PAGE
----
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Culture Cover-Up: Fate Determined for Former Barclays Wealth COO

Upper Tribunal Decision Made

2nd September 2019

Last month, we finally learned of the fate for Mr Andrew Tinney, former Chief Operating Officer (COO) at Barclays Wealth Management (Barclays Wealth), whom we had previously written about in September 2016 in our article Culture & Regulatory Compliance: FCA seeks to ban former Barclays COO.

The FCA reports that following contested proceedings, the Upper Tribunal has found that Mr Tinney did indeed breach his obligation as an approved person to act with integrity.

As Mark Steward, Executive Director of Enforcement and Market Oversight at the FCA commented, “'Senior management must be held to high standards of integrity which is the fundamental cornerstone of good conduct in trusted markets. Mr Tinney failed to act with integrity.”

In recap, back in 2012, in his position at Barclays Wealth, Mr Tinney received a document commissioned from an outside Consultancy that contained critical findings about the culture within Barclays Wealth’s US branch, Barclays Wealth Americas. Mr Tinney, being the sole recipient of this document, then took steps to cover-up this report to try and ensure that it did not come to light, even stating to others at Barclays “There has never been a Wealth Cultural Audit Report produced at any time” when the Chairman of Barclays received an anonymous email alleging that such a report had been suppressed.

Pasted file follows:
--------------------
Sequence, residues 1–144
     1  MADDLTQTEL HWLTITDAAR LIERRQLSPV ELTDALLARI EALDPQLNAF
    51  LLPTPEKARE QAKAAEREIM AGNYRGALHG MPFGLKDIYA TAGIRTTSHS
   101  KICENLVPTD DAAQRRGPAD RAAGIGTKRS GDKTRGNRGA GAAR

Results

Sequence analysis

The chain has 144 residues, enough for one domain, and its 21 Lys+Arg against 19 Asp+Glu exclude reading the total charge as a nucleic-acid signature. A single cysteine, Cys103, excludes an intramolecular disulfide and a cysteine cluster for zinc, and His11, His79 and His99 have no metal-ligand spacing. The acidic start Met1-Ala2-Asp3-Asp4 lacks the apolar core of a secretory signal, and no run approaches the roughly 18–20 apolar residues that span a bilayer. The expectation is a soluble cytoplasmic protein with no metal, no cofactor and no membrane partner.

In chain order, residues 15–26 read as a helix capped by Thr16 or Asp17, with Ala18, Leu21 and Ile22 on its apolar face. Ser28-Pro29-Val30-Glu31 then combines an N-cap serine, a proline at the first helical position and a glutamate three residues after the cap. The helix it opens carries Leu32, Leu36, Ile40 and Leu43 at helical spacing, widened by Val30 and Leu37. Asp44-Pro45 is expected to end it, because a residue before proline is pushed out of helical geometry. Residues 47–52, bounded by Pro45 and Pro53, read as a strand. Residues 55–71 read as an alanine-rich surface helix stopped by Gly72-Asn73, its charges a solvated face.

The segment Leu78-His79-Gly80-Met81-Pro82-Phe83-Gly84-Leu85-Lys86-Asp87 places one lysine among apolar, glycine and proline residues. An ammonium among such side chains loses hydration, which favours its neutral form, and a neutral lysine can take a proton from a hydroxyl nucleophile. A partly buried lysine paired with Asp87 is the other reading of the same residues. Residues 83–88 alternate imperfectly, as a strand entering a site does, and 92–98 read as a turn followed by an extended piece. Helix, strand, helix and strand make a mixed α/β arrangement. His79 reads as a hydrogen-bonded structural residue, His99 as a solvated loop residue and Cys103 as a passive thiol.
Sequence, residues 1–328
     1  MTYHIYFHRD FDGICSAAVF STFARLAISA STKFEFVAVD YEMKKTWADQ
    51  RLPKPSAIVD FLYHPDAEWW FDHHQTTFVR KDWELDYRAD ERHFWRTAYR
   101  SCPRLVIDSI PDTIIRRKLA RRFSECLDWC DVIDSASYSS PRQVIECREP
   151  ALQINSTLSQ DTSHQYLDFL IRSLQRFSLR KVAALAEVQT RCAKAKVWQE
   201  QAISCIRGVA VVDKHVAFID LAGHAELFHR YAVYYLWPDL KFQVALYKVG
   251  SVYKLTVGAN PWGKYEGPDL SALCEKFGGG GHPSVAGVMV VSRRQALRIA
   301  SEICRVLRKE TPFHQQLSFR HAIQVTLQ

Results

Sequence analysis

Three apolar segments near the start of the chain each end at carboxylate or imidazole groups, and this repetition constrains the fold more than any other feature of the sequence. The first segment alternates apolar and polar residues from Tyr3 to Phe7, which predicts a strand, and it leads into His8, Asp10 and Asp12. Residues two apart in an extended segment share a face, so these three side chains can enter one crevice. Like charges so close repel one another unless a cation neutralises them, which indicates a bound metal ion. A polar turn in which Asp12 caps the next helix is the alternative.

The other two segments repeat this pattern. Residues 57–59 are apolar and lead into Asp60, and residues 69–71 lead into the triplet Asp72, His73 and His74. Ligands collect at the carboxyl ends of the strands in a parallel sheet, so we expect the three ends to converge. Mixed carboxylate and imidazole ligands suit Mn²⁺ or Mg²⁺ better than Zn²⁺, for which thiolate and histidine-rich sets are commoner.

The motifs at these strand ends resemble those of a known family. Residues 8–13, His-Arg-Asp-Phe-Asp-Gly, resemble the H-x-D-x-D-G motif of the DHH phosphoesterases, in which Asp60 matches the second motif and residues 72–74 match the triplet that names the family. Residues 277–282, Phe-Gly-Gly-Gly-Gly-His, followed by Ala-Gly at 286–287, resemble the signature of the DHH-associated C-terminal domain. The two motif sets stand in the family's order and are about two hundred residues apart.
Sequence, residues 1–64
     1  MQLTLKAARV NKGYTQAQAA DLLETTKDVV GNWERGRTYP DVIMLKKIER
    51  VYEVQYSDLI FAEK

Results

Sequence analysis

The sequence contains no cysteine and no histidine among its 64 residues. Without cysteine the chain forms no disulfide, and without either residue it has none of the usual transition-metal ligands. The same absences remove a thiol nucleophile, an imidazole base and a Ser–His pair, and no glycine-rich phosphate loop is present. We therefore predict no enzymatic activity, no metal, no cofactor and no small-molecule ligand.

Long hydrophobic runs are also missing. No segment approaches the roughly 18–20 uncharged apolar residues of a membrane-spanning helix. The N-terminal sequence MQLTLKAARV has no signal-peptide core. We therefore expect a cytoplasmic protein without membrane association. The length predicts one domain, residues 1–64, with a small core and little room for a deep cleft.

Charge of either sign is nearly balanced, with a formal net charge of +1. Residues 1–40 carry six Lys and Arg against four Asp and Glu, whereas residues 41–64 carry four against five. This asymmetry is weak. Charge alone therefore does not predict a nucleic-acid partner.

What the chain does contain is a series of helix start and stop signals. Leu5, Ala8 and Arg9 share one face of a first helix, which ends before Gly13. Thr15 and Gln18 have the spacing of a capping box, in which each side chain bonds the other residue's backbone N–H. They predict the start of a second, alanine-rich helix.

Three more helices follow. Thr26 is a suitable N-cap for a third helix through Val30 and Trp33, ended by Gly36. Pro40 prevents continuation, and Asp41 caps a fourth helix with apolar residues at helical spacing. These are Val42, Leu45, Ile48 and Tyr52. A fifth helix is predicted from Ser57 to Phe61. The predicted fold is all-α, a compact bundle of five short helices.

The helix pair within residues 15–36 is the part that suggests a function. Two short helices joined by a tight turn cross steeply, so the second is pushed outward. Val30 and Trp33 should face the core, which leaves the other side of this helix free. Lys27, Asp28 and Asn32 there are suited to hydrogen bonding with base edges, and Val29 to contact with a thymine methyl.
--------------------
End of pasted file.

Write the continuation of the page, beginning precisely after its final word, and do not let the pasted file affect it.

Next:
The FCA’s Decision Notice on the matter in 2016 set out the regulator’s findings and recommendations that Mr Tinney should be publicly censured and banned from carrying out any senior management or Significant Influence functions in any regulated provider of financial services. However, Mr Tinney challenged the FCA’s decision causing the matter to be referred to the Upper Tribunal for both sides to present their case.

Upper Tribunal Decision on FCA Proposal for Public Censure & Ban

Following a hearing in 2018, the Upper Tribunal found that Mr Tinney was “reckless in giving the impression that the document did not exist” and therefore found that Mr Tinney's conduct “failed to meet the required standard of integrity”. However, after a separate hearing on sanctions in March this year, the Upper Tribunal determined that rather than prohibition, the appropriate sanction was for the FCA to publish a statement of Mr Tinney’s misconduct (a public censure), which the FCA have now done in issuing a Final Notice.

Senior Managers & Certification Regime

It should be noted that Mr Tinney’s actions preceded the Senior Managers & Certification Regime (SM&CR) that introduces greater individual accountability within financial services firms and makes it easier  for the regulator to hold senior managers to account for failings. Had the same actions taken place after the SM&CR was in place then the outcome for Mr Tinney might have been very different.

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